Musical Monday: Bubba Sparxxx


So you know how your freshman year in college, when people are trying to get to know each other, someone always asks, “What kind of music do you like?” Actually, this is still a good indicator for me of whether I’ll get along with someone or not. But back then, most people would say something like, “Oh, I like everything. Except maybe rap and country.” Well, then I’m sorry, but you don’t like “everything.” I realize that those people were trying to be adaptable and not send any potential new friends running, but dude, that’s so boring.

I would never call myself an aficionado of rap or country, BUT(!) I do like the occasional rap or country song. I have plenty of random singles on my iPod from the likes of Jay-Z, Outkast, and Garth Brooks. I can’t say I own any complete country albums. But I do own two complete rap albums: License to Ill by Beastie Boys and Deliverance by Bubba Sparxxx. It just hit me that they’re both white. How odd. Beasties are just nostalgic and fun to me, and remind me of some good friends and some crazy times. Bubba Sparxxx is unique in many ways, and that’s why I like him.


Being from the deep South (LaGrange, Georgia), his lyrics reflect a sort of deep-seated anger (but also an inner strength) that I think a lot of extremely poor people in the South experience. I know the people he raps about. I have met some of the characters in his songs. He writes about the poor white South’s own personal version of the ghetto, which is arguably no more positive an existence than urban black ghettos, only no one really talks about it. And like some black rappers have done for the young black community to empower and motivate them to think differently about their circumstances, so Bubba Sparxxx does for a different segment of the population.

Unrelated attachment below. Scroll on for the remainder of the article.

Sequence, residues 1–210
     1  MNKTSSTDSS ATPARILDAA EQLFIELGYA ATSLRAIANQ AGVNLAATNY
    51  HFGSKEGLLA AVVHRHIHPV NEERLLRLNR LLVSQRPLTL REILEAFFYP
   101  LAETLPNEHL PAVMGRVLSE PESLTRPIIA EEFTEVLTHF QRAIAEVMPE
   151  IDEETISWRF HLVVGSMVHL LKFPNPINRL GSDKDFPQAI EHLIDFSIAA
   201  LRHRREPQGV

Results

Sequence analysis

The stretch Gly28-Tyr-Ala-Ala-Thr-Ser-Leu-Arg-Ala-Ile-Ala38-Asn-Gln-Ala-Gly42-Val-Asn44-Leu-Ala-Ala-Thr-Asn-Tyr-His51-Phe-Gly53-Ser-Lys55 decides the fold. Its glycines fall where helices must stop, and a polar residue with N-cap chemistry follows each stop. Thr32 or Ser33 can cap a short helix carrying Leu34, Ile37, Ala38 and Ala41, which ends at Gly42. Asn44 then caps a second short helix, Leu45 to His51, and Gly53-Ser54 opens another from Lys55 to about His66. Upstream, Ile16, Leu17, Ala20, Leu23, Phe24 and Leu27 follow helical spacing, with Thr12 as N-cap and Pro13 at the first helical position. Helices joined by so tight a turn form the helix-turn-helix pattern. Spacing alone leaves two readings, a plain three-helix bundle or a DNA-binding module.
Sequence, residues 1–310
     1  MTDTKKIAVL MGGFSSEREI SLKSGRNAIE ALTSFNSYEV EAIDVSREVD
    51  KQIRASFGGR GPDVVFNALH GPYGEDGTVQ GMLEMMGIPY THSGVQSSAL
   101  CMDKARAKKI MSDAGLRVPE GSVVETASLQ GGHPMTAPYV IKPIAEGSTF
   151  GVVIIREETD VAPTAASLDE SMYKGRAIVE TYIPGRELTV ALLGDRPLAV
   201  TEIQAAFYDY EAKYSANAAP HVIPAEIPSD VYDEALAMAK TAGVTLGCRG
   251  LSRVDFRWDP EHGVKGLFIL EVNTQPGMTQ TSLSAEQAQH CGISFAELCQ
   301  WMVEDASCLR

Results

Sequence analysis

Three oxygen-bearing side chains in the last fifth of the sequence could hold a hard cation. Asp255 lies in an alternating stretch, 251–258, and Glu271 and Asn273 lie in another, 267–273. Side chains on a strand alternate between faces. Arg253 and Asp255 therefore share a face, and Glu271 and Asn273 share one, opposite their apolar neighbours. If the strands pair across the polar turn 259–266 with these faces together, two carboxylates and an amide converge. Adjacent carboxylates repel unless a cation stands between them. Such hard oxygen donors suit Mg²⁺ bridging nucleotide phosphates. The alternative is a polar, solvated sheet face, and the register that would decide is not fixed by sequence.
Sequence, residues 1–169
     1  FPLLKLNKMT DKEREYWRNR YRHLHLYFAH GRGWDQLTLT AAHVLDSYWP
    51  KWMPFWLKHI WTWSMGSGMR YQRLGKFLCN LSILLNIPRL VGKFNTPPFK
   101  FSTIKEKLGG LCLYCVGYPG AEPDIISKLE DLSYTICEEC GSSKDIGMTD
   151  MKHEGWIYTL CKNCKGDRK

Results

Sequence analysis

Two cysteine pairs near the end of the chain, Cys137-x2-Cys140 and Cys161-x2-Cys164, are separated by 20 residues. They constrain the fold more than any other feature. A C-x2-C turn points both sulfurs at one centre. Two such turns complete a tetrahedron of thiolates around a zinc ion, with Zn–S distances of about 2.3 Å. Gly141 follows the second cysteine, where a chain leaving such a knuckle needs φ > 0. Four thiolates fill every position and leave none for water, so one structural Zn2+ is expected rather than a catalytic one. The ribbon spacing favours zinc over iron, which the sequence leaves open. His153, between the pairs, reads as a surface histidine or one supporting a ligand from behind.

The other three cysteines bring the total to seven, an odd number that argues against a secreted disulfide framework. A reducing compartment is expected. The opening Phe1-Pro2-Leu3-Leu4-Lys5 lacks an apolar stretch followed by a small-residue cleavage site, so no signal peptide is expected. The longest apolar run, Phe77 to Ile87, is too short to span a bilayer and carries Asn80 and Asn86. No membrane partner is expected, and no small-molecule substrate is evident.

Just as the perspective of black youth today is still influenced by the experiences of their ancestors in oppressive conditions, there are aspects of the poor South’s plight that go back to the Civil War and the years afterwards spent trying to rebuild what was lost. I think Bubba Sparxxx hits on this concept without coming across as a racist redneck. I don’t think there is anything racist about him. And we would all do well to look at the similarites he’s pointing out between low-income, disadvantaged people in general, regardless of skin color.

One of his themes lyrically is the idea of a “New South,” which he believes we are experiencing today, and which he encourages young people to nurture. Think about the concept of “Old South” and all the negative things it stood for (some of which linger even now). He’s in effect preaching the opposite, telling people to rise above their differences and their circumstances, and to be proud of who they are and where they come from. But he also jokes around about the dumb redneck stereotypes, because as those of us from the South know, those stereotypes exist for a reason, and there really are some people like that.


I also really like the fact that he incorporates some traditional Southern-sounding music into his songs. The Deliverance album features Yonder Mountain String Band, which is one of my favorite “jam grass” bands from Colorado. Even though they’re not technically from the South, I respect the fact that they are carrying on the Southern musical tradition of bluegrass. He has sampled their original tune “To See You Comin’ Round,” about which YMSB’s bassist, Ben Kaufmann, had this to say:

“I think it’s great. Timbaland is responsible for the original mix, and it could be a revolutionary idea. In the song, the beat is still there and what really comes through is the voice and the fiddle. I’ve always thought that you could take acoustic instruments and hybridize that sound with the hip-hop beat to get an acoustic hip-hop experience. There can be no limits.”

bubba2 Buy it or download it here.


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